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Cited by 6 (5 self)
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In this paper two new parallel algorithms are presented for generation of (n,k)combinations. Computations run in associative processor models. Objects are generated in lexicographic order, with O(1) time per object, in two different representations. The first algorithm uses the conventional representation of combinations while the second algorithm generates combinations in the form of binary vectors and therefore is particularly well suited for row/column masks generation in associative processors. The algorithms may be also used for generation of related combinatorial objects like combinations with repetitions and integer compositions.
Shift Gray Codes
, 2009
"... Combinatorial objects can be represented by strings, such as 21534 for the permutation (1 2) (3 5 4), or 110100 for the binary tree corresponding to the balanced parentheses (()()). Given a string s = s1s2⋯sn, the rightshift operation ��→ shift(s, i, j) replaces the substring sisi+1⋯sj by si+1⋯sjsi ..."
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Cited by 4 (4 self)
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Combinatorial objects can be represented by strings, such as 21534 for the permutation (1 2) (3 5 4), or 110100 for the binary tree corresponding to the balanced parentheses (()()). Given a string s = s1s2⋯sn, the rightshift operation ��→ shift(s, i, j) replaces the substring sisi+1⋯sj by si+1⋯sjsi. In other words, si is rightshifted into position j by applying the permutation (j j −1 ⋯ i) to the indices of s. Rightshifts include prefixshifts (i = 1) and adjacenttranspositions (j = i + 1). A fixedcontent language is a set of strings that contain the same multiset of symbols. Given a fixedcontent language, a shift Gray code is a list of its strings where consecutive strings differ by a shift. This thesis asks if shift Gray codes exist for a variety of combinatorial objects. This abstract question leads to a number of practical answers. The first prefixshift Gray code for multiset permutations is discovered, and it provides the first algorithm for generating multiset permutations in O(1)time while
ConstantWeight Gray Codes for Local Rank Modulation
, 2010
"... We consider the local rankmodulation scheme in which a sliding window going over a sequence of realvalued variables induces a sequence of permutations. Local rankmodulation is a generalization of the rankmodulation scheme, which has been recently suggested as a way of storing information in flas ..."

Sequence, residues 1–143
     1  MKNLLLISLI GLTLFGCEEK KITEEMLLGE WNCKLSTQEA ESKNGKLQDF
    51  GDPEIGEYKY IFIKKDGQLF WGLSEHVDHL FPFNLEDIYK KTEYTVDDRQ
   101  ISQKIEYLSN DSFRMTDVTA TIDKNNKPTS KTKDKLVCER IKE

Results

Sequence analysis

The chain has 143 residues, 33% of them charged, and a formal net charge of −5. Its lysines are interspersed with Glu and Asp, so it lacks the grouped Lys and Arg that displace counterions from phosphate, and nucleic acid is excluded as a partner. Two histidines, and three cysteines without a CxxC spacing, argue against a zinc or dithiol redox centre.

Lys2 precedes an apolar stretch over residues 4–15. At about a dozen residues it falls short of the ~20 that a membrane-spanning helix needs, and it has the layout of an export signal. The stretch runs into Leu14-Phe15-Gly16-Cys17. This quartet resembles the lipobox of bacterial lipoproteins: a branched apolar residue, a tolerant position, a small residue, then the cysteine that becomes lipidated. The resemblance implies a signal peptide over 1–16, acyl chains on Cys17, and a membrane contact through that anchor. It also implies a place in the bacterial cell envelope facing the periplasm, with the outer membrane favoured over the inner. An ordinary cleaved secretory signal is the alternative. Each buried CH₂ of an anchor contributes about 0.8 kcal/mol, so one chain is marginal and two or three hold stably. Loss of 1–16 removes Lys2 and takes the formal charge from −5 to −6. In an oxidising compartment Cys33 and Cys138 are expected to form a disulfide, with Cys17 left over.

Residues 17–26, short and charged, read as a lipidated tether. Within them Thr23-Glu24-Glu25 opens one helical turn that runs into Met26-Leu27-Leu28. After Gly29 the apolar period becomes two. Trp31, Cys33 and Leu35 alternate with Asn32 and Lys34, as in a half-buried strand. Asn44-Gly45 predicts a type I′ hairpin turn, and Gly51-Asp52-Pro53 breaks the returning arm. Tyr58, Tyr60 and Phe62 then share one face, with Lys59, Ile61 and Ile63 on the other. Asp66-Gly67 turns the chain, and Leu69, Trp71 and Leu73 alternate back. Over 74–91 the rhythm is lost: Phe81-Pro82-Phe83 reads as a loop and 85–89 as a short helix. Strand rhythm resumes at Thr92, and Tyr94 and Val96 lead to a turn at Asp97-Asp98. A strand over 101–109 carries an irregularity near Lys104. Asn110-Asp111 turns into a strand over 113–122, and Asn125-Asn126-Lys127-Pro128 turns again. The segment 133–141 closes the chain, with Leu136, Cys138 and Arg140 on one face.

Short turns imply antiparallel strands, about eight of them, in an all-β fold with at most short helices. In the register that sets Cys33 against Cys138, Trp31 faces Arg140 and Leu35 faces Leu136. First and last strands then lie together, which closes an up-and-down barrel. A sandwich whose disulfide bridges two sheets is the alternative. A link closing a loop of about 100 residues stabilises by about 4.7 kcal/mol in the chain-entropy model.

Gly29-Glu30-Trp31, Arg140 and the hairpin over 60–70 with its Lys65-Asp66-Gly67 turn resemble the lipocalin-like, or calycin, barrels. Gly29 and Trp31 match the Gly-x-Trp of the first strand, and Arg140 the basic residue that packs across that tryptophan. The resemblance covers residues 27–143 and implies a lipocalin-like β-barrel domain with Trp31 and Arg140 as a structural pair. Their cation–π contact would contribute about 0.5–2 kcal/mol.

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Cited by 4 (4 self)
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We consider the local rankmodulation scheme in which a sliding window going over a sequence of realvalued variables induces a sequence of permutations. Local rankmodulation is a generalization of the rankmodulation scheme, which has been recently suggested as a way of storing information in flash memory. We study constantweight Gray codes for the local rankmodulation scheme in order to simulate conventional multilevel flash cells while retaining the benefits of rank modulation. We provide necessary conditions for the existence of cyclic and cyclic optimal Gray codes. We then specifically study codes of weight 2 and upper bound their efficiency, thus proving that there are no such asymptoticallyoptimal cyclic codes. In contrast, we study codes of weight 3 and efficiently construct codes which are asymptoticallyoptimal. We conclude with a construction of codes with asymptoticallyoptimal rate and weight asymptotically half the length, thus having an asymptoticallyoptimal charge difference between adjacent cells.
Code Enumeration of Families of Integer Partitions
 JOURNAL OF COMBINATORIAL THEORY, SERIES A
"... In this paper we show that the elements of certain families of integer partitions can be listed in a minimal change, or Gray code, order. In particular, we construct Gray code listings for the classes Pδ(n,k) and D(n,k) of partitions of n into parts of size at most k in which, for Pδ(n,k), the parts ..."
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Cited by 1 (1 self)
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In this paper we show that the elements of certain families of integer partitions can be listed in a minimal change, or Gray code, order. In particular, we construct Gray code listings for the classes Pδ(n,k) and D(n,k) of partitions of n into parts of size at most k in which, for Pδ(n,k), the parts are congruent to one modulo δ and, for D(n,k), the parts are distinct. The change required between successive partitions is the increase of one part by δ (or the addition of δ ones) and the decrease of one part by δ (or the removal of δ ones), where, in the case of D(n,k), δ = 1.